Hummus is a spread that originated in the Middle East. It’s become a popular food around the world.

Traditional hummus is made from:

  • mashed chickpeas
  • spices
  • olive oil
  • garlic
  • lemon juice
  • tahini

It’s used as a dip or condiment. Unlike many highly processed, unhealthy foods in the Western diet, you can feel good about eating hummus. Here are several reasons why.

Research shows that the Mediterranean diet reduces your risk of:

  • heart disease
  • cancer
  • Alzheimer’s
  • Parkinson’s

The Mediterranean diet is rich in:

  • olive oil
  • fruits
  • vegetables
  • fish
  • whole grains
  • beans
  • legumes
  • seeds

Hummus contains many of these ingredients.

Chickpeas, also known as garbanzo beans, are legumes. They’re the main ingredient in hummus. Chickpeas are high in both soluble and insoluble fiber. Soluble fiber helps to lower blood sugar and cholesterol. Insoluble fiber helps bulk up stool to prevent constipation. Fiber also helps you feel fuller longer. This may prevent you from overeating.

A 2014 examination survey found that eating chickpeas and hummus was associated with better nutrient intake, diet quality, and weight parameters in adults. The researchers say eating hummus and chickpeas should be encouraged.

Olive oil adds smoothness and a rich flavor to hummus. It has a reputation for being one of the healthiest oils you can buy. Olive oil contains monounsaturated fatty acids (MUFAs). According to the Mayo Clinic, MUFAs may help lower your total cholesterol, normalize blood clotting, and help regulate blood sugar. All of these effects may reduce your risk of heart disease.

Olive oil may also reduce inflammation in the body that can lead to disease. According to a 2011 study, virgin olive oil contains phenolic compounds, specifically oleocanthal, which has similar anti-inflammatory abilities to ibuprofen.

Garlic often gives hummus a lot of its flavor. Despite its pungent odor, garlic is considered a superfood, thanks to its phytochemicals and antioxidants. It’s been a folk remedy for centuries, and is thought to have antibacterial properties. Research shows that garlic may slow the development of atherosclerosis and slightly lower blood pressure.

Research is promising, yet inconclusive, as to whether or not garlic can help prevent certain cancers and lower cholesterol. More study is needed.

Tahini, also known as sesame butter, is a paste made from ground sesame seeds.

Tahini is a valuable source of vitamins and minerals. It contains:

  • calcium
  • iron
  • magnesium
  • niacin
  • folate
  • phosphorous
  • potassium
  • zinc
  • copper
  • manganese

According to a 2014 study, sesame seeds decreased total cholesterol and LDL (bad) cholesterol in patients with knee osteoarthritis. They also reduced malondialdehyde (MDA), a marker for oxidative stress.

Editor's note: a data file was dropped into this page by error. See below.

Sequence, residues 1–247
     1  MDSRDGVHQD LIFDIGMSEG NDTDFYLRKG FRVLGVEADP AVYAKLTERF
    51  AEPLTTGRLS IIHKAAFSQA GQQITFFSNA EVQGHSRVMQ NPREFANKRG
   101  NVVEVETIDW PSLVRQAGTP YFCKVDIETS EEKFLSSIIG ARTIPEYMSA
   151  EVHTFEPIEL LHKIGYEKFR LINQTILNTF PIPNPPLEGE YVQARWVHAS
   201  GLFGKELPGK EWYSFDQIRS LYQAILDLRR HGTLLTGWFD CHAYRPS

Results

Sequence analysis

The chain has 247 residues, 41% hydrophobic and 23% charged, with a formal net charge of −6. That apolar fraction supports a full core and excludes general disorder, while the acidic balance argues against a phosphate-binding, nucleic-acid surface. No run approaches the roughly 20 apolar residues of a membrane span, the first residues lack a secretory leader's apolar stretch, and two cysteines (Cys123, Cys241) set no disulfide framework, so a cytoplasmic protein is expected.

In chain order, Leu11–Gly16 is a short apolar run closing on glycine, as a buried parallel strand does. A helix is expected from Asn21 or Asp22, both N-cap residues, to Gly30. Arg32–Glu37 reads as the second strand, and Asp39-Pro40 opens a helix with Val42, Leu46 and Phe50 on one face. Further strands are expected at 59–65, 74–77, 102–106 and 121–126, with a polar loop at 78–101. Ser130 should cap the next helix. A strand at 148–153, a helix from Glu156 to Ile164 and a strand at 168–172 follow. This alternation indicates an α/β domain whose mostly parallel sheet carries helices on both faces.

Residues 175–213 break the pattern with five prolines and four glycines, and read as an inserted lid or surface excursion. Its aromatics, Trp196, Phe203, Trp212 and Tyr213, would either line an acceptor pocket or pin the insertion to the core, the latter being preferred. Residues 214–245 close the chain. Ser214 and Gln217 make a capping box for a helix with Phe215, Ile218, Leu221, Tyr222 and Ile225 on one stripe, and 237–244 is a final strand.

Oxidative stress occurs when cell-damaging free radicals in the body and the antioxidants that keep them in check become imbalanced. This imbalance may be responsible for aging and disease.

A 1/2 cup of commercially prepared hummus contains 21 percent of your daily value of folate. Folate is a B vitamin found in legumes like chickpeas. Folate is a critical vitamin to pregnant women or women who are considering becoming pregnant. Folate and its synthetic counterpart, folic acid, are integral in preventing neural tube birth defects such as spinal bifida. Cooked dried beans contain up to double the folate as canned beans, so choose those more often.

Hummus is high in many other vitamins and minerals, including:

  • calcium
  • iron
  • magnesium
  • phosphorous
  • potassium
  • zinc
  • manganese
  • copper
  • selenium
  • vitamin B-6
  • thiamin

Protein is necessary for cell creation, growth, and repair. Vegetarians who don’t eat meat, dairy, or eggs may struggle to find good sources of plant-based protein. Thanks to chickpeas, about 2 tbsp. of commercially made hummus contains around 2 grams of protein.

Hummus can take the place of many unhealthy foods in your diet. Some healthy ways to use hummus are:

  • as a mayonnaise substitute on a sandwich or turkey burger
  • as a substitute for half of the mashed egg yolks in deviled eggs
  • as a bagel topper instead of cream cheese
  • as a dip for veggies or chicken nuggets instead of ranch dressing

When prepared traditionally with healthy ingredients and eaten in moderation, hummus is good for you. It’s loaded with:

  • plant-based protein
  • fiber
  • healthy fats
  • vitamins
  • minerals

But not all hummus is created equal. Some brands aren’t made with high-quality ingredients. They may use oils other than olive oil, or a poor-quality olive oil. Some brands have artificial flavors and preservatives, or are high in sodium. Be sure to read the ingredients on the label before you buy.

If you can’t find hummus without unhealthy ingredients, or you just want to know exactly what you’re eating, homemade hummus is surprisingly easy to make. Try these recipes:

  • This traditional hummus recipe should be in every healthy cook’s arsenal. View the recipe.
  • Roasted red peppers and jalapeños give this hummus a sweet and spicy kick. View the recipe.
  • Toasted pine nuts add protein and iron to this variety of hummus. View the recipe.
  • This hummus gets its southwestern flair from avocado, lime juice, and chili powder. View the recipe.
  • There’s no rule that hummus has to be savory! Try this sweet recipe that includes cinnamon, coconut sugar, and dates. View the recipe.

How you eat hummus matters, too. If you dip fried tortilla chips or crackers into hummus, you’re eating a lot of extra fat and calories. Keep it healthy by using sprouted grain bread or fresh vegetables like bell peppers, carrots, and cucumbers as dippers.